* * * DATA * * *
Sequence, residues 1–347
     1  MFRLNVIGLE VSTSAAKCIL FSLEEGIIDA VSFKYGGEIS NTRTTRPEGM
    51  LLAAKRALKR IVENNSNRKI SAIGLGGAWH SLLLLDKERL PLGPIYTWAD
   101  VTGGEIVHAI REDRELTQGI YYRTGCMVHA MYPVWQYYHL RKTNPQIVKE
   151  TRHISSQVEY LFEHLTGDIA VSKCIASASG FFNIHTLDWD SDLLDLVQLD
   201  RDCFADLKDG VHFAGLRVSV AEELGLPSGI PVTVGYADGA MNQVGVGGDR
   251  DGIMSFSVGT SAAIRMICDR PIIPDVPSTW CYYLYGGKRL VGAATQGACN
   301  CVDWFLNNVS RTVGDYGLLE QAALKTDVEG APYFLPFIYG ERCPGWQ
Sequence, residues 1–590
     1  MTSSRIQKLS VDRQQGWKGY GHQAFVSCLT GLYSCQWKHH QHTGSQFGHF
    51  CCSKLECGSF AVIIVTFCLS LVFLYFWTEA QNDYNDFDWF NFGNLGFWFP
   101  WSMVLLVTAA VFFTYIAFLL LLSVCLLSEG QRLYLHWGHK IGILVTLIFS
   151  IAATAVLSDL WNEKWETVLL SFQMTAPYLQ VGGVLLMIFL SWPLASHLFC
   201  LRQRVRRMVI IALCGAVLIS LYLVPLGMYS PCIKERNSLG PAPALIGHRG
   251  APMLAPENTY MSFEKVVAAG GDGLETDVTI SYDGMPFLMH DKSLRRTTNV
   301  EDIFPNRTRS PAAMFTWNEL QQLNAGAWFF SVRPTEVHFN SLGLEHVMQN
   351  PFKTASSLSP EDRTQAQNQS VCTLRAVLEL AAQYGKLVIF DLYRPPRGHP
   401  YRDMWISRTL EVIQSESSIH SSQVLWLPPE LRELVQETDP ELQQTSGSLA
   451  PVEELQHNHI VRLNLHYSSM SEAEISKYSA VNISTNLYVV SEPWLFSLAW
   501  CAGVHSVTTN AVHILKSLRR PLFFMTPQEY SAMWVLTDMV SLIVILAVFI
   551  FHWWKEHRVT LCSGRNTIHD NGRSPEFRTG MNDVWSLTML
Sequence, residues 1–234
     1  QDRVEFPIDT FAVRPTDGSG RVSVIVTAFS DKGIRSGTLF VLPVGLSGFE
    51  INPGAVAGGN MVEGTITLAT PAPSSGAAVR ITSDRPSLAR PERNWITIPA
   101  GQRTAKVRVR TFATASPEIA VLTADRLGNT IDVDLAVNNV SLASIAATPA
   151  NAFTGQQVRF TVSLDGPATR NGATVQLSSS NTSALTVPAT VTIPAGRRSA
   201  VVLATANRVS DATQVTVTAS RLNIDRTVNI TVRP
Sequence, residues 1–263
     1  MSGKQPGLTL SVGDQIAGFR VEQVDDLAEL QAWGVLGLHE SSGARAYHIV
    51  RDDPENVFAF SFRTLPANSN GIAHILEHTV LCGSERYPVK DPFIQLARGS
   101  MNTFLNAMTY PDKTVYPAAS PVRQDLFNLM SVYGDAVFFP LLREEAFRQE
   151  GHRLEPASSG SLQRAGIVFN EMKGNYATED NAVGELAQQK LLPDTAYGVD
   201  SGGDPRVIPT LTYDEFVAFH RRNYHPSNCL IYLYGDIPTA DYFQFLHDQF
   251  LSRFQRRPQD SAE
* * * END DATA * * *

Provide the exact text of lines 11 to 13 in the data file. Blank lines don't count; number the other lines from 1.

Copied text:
    51  CCSKLECGSF AVIIVTFCLS LVFLYFWTEA QNDYNDFDWF NFGNLGFWFP
   101  WSMVLLVTAA VFFTYIAFLL LLSVCLLSEG QRLYLHWGHK IGILVTLIFS
   151  IAATAVLSDL WNEKWETVLL SFQMTAPYLQ VGGVLLMIFL SWPLASHLFC